Students are at that time of year where they have completed the majority of their research and are beginning to synthesize and organize their information. Many students have compiled vast amounts of research and many have used online articles and text as their primary research avenue. As much of what they find is quite academic, sorting and processing text like this can be a daunting task. Much of the text is far beyond grade level, and it can be overwhelming to make sense of.
Aislinn and I have focused a few recent lessons on working with text, and have led activities that offer students strategies to use when dealing with difficult, academic text.
On Tuesday, I led a lesson using an AVID text marking strategy, where students read an article together as a class, and during each reading, students utilized a different text marking tool. Initially, they highlighted main ideas, followed by writing connections and questions on the margins and all over the page. During the videoconference, students from all three sites shared the information they found most valuable, what connections they made, and what questions the text left them with.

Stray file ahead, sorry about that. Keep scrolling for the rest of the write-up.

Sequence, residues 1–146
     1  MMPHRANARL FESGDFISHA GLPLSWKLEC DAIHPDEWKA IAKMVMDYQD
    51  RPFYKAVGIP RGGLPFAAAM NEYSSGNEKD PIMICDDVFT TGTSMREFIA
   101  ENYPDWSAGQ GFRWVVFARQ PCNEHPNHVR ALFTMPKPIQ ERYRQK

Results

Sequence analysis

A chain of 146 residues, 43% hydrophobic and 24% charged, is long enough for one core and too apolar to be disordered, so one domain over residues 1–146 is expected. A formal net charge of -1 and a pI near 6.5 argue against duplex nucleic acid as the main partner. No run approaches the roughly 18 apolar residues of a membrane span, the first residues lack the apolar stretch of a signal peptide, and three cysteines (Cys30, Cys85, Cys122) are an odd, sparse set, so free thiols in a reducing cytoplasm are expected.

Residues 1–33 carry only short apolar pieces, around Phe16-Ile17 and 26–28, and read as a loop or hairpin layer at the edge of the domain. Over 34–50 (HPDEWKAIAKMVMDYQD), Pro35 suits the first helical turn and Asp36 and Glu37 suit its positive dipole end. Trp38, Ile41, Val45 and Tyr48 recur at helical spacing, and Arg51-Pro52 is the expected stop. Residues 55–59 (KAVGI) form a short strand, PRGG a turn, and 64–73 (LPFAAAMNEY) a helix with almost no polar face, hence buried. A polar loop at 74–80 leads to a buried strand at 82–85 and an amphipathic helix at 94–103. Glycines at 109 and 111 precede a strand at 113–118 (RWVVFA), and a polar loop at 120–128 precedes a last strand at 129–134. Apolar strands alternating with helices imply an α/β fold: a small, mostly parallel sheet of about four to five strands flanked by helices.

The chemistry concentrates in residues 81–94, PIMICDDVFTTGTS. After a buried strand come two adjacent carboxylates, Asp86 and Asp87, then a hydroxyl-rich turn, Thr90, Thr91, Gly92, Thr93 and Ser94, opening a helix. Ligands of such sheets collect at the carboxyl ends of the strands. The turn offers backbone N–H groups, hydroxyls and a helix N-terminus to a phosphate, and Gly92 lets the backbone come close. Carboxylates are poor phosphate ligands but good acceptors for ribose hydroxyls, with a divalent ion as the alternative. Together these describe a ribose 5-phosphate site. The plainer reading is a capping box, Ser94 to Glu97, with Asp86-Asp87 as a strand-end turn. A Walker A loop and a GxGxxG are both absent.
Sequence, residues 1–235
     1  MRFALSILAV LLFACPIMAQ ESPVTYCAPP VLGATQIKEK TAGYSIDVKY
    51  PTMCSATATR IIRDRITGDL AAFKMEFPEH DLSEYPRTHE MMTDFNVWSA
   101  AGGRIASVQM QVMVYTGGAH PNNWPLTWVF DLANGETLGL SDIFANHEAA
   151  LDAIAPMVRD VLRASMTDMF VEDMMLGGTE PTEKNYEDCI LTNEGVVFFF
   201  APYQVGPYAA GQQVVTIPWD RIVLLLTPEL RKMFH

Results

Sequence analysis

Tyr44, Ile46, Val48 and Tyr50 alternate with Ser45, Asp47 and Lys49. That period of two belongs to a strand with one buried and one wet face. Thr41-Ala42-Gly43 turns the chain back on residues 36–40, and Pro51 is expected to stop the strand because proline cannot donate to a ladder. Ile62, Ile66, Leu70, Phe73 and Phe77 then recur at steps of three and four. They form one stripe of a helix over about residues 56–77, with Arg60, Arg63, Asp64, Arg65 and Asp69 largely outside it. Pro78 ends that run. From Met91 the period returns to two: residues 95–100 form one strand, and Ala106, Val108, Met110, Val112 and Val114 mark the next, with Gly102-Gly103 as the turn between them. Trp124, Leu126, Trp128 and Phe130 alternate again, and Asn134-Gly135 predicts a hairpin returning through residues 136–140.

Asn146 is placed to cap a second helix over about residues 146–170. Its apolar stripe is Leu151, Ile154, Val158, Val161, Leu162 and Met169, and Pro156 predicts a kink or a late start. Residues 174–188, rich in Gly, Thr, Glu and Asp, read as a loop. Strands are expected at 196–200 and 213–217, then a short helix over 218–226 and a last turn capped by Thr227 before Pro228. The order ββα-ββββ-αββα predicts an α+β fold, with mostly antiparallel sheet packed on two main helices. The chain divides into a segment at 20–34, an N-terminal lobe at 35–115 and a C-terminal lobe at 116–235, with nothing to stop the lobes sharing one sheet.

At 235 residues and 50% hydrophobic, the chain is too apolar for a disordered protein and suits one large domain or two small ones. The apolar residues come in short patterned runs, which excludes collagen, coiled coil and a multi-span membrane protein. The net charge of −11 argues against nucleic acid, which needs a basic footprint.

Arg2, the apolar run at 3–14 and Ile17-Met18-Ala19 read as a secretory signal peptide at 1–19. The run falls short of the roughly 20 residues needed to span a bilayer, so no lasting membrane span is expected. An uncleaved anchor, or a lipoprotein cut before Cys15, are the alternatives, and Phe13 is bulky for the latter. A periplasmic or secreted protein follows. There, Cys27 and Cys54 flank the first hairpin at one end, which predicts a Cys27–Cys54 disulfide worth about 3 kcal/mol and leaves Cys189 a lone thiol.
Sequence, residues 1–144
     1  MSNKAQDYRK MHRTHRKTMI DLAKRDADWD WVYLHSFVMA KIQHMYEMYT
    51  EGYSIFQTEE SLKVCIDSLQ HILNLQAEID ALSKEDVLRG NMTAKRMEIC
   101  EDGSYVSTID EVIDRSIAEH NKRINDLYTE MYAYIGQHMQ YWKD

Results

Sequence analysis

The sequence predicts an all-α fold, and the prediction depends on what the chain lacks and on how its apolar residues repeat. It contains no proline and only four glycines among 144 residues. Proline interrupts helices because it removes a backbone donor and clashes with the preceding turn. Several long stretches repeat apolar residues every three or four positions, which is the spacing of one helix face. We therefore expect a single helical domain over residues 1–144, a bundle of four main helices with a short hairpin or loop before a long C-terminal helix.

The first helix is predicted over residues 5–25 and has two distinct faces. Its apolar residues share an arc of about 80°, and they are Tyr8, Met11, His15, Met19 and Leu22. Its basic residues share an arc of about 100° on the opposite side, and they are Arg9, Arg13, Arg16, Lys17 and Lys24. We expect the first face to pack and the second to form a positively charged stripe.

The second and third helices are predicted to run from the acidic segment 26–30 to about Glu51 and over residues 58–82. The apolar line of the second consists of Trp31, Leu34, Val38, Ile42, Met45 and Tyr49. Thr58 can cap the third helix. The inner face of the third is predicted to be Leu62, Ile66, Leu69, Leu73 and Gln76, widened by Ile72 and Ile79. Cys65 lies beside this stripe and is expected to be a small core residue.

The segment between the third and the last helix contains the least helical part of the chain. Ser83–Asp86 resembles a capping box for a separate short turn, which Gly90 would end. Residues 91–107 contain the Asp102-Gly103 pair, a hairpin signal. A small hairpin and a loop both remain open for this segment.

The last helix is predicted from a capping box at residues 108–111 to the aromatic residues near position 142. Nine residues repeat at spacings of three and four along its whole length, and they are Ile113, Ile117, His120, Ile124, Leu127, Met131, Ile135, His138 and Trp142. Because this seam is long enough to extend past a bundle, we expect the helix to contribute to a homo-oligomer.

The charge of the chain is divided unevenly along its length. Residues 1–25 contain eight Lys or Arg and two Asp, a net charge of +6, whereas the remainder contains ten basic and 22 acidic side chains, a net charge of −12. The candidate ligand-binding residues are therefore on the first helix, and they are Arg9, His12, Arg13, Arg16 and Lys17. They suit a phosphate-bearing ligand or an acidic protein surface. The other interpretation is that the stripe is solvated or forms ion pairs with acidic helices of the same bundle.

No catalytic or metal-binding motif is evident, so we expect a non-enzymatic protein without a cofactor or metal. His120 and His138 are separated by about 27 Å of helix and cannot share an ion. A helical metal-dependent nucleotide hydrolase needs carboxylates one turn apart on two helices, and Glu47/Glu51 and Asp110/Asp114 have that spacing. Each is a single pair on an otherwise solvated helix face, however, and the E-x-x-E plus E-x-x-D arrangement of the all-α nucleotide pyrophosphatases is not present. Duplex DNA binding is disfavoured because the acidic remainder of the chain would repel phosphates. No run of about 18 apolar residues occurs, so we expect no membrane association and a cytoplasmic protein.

Today’s Aislinn’s lesson focused on a different strategy that could help student in dealing with the text they may encounter during the inquiry research project. Aislinn had students work on utilizing text features to organize information, and recognizing how they could transfer their knowledge of text features when processing their research.
Here are a few examples of students working with text in preparation for their inquiry projects: